Tag Archives: schools

Sometimes I Want To Not Care

I have a secret. Sometimes I want to not care about things happening in our world today. It would be easier. I’d have more time for fun. I could be frivolous at will. Maybe I would live in the moment more easily than I do now. Certainly, it would be a relief to live in a bubble free from deep thoughts and anything unpleasant that didn’t directly affect me. Society’s problems would not disappear, but it wouldn’t matter because as a member of the white population in the United States I’m super privileged.

But this indifference to others is not me. I hope for a more peaceful world, and understand that I need to actively participate to create change in it. I care beyond what’s happening in my immediate world.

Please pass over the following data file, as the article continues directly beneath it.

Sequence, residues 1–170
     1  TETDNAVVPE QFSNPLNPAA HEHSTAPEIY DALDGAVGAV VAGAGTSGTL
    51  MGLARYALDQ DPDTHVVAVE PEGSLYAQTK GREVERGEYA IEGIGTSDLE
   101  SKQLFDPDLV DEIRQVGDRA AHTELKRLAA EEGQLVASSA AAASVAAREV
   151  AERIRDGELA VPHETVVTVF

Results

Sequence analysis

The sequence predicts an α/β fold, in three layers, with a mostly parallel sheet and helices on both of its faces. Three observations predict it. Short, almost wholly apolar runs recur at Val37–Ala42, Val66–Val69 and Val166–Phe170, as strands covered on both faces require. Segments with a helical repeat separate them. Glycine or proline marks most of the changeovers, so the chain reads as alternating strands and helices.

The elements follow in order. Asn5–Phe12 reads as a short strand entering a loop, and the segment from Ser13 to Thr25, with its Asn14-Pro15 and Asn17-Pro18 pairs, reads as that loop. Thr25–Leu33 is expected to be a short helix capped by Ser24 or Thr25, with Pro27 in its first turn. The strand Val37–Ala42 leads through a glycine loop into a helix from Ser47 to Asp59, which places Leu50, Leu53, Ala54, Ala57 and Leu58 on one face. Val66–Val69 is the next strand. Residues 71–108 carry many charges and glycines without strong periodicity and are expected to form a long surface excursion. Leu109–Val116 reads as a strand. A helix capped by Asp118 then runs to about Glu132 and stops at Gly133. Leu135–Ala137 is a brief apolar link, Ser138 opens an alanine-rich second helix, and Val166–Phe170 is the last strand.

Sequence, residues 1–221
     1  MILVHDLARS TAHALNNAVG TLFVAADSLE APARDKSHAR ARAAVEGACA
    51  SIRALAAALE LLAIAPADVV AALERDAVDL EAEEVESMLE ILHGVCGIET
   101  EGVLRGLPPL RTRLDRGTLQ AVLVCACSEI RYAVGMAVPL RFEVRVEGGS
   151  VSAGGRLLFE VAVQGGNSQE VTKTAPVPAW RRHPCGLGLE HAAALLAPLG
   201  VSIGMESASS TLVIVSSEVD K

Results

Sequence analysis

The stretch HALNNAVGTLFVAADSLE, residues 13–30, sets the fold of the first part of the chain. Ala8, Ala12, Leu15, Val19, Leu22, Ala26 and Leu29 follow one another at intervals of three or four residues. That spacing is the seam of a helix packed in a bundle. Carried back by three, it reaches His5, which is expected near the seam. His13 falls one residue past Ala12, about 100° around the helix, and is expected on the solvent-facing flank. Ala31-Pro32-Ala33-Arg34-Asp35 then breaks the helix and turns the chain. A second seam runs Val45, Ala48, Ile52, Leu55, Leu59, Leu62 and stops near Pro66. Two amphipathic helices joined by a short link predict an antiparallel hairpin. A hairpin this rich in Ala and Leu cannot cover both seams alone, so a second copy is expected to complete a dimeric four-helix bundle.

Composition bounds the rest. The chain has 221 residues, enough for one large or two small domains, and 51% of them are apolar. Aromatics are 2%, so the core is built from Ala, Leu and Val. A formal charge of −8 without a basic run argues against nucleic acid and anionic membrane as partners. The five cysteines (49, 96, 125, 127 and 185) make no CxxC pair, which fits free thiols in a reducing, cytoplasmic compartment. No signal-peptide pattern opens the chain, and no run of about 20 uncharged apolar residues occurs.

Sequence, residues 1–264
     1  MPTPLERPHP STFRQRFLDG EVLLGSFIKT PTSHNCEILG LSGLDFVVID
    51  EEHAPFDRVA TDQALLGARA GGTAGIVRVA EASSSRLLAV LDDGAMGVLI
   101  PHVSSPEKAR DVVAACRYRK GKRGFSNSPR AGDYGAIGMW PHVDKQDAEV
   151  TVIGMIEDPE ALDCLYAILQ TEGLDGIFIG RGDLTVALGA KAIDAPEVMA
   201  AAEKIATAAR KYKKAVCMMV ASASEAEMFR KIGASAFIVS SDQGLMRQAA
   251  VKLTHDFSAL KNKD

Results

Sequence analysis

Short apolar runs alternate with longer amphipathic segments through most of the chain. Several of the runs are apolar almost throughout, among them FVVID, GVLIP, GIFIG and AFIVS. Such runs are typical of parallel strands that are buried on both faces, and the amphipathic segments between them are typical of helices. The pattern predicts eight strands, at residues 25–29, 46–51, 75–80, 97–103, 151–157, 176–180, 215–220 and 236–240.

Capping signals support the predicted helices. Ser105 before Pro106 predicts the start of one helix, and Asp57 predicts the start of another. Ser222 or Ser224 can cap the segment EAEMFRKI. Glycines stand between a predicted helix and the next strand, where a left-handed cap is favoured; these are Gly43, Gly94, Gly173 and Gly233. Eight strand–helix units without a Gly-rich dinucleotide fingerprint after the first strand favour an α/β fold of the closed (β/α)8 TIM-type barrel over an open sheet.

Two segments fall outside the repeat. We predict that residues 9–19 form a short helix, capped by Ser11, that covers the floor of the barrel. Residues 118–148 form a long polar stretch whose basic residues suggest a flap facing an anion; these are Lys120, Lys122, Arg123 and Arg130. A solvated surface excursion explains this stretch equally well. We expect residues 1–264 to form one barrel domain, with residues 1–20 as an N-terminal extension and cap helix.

I care so much it makes me cry tears of rage and sorrow when yet another white male perpetrates a school shooting and kids are killed in the line of fire or while protecting their classmates. The papers call the murdered ones heroes, but that’s not the right word – martyrs would be better. We don’t have to continue our complicity and keep allowing our children to be murdered in mass shootings. We can change the laws by providing better access to (and quality of) mental health care and limiting gun rights in the name of public safety. The Florida legislature’s response (besides its usual thoughts and prayers) to all this of arming teachers – it will not help. Kids deserve and need to feel safe and protected at school. If their teachers are carrying, they are inherently unsafe. Guns do not belong in classrooms with students.